Theater operators hope ruling may signal eventual victory
HOLLYWOOD — In a ruling of potentially broad application, a federal court in Cleveland has tossed out a U.S. Justice Dept. suit that contended so-called “stadium seating” flouts the Americans With Disabilities Act.
The ruling, circulated last week, came in a Justice suit against Cinemark Intl., a Dallas-based circuit with 275 theaters and 2,979 screens in 33 states, Latin America, Canada and Taiwan. There was no immediate indication if the U.S. District Court action would be appealed by Justice, which also has sued other circuits including AMC Entertainment, Loews Cineplex and United Artists Theaters.
Meanwhile, the ruling builds on some favorable verdicts for exhibs in private-party actions against several movie chains. Theater operators hope the ruling may signal an eventual victory against critics of stadium seating.
Such theater configurations, which offer better sight lines for most patrons by increasing the height of seats progressively from front to back, make various accommodations for wheelchair-bound moviegoers. But critics have charged the accommodations are insufficient to meet provisions of the ADA.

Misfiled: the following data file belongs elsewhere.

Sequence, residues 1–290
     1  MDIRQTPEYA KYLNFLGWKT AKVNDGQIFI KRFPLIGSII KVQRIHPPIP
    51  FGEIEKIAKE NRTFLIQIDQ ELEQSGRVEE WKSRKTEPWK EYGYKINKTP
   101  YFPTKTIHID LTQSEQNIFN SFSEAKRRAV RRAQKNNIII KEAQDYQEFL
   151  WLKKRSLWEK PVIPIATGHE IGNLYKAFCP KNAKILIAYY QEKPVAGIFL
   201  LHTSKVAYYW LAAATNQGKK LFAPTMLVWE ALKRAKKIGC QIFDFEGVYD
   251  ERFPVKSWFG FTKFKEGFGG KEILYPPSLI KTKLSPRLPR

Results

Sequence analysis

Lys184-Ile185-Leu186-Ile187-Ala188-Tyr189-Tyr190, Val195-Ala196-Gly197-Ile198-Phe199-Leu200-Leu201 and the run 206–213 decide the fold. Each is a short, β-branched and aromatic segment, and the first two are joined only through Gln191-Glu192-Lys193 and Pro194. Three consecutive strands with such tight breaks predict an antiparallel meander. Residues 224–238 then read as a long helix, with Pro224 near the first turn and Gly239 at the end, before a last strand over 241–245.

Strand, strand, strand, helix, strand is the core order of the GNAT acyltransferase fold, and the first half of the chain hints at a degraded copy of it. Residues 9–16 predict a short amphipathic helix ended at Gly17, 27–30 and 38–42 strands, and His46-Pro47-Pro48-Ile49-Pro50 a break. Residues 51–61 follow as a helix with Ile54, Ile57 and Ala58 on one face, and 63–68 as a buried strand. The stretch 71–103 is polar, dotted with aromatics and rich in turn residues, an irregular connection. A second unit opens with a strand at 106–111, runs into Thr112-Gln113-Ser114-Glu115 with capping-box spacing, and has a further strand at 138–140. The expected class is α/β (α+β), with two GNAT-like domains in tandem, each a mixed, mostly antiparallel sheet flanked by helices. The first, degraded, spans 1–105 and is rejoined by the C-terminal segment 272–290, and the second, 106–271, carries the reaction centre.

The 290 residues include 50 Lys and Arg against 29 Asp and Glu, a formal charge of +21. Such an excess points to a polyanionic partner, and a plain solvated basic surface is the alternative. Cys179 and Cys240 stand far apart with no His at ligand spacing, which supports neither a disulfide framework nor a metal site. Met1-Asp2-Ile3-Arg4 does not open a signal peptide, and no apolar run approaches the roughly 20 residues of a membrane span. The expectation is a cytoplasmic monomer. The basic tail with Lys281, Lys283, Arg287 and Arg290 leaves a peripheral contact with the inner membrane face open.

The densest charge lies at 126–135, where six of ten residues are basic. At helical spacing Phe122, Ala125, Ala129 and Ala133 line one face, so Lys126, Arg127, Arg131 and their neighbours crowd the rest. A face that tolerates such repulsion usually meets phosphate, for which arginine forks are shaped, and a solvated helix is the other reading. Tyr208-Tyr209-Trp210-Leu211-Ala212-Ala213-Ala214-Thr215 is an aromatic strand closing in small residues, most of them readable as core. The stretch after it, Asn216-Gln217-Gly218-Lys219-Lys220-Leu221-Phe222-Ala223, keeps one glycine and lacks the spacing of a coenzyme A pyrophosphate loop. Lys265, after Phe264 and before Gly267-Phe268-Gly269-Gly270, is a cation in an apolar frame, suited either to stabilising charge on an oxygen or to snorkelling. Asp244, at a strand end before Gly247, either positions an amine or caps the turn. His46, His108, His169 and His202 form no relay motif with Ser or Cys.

The Cleveland court found otherwise.
“Stadium seating has transformed the moviegoing experience,” Cinemark CEO Lee Roy Mitchell said afterward. “We strive to have the most modern stadium-style theater circuit in the industry because that is what our customers demand. Since this case put stadium seating under attack, we are gratified on behalf of our customers.”
National Assn. of Theater Owners prexy John Fithian said court decisions to date “state clearly that the theaters involved met the requirements of the ADA.”
He called on Justice to halt efforts to win through litigation and alternately to provide the industry with a rule stating how stadium-seat theaters can provide for handicapped access. The department had refused to do so, choosing instead to sue exhibs over allegedly inadequate arrangements of their own, the NATO boss said.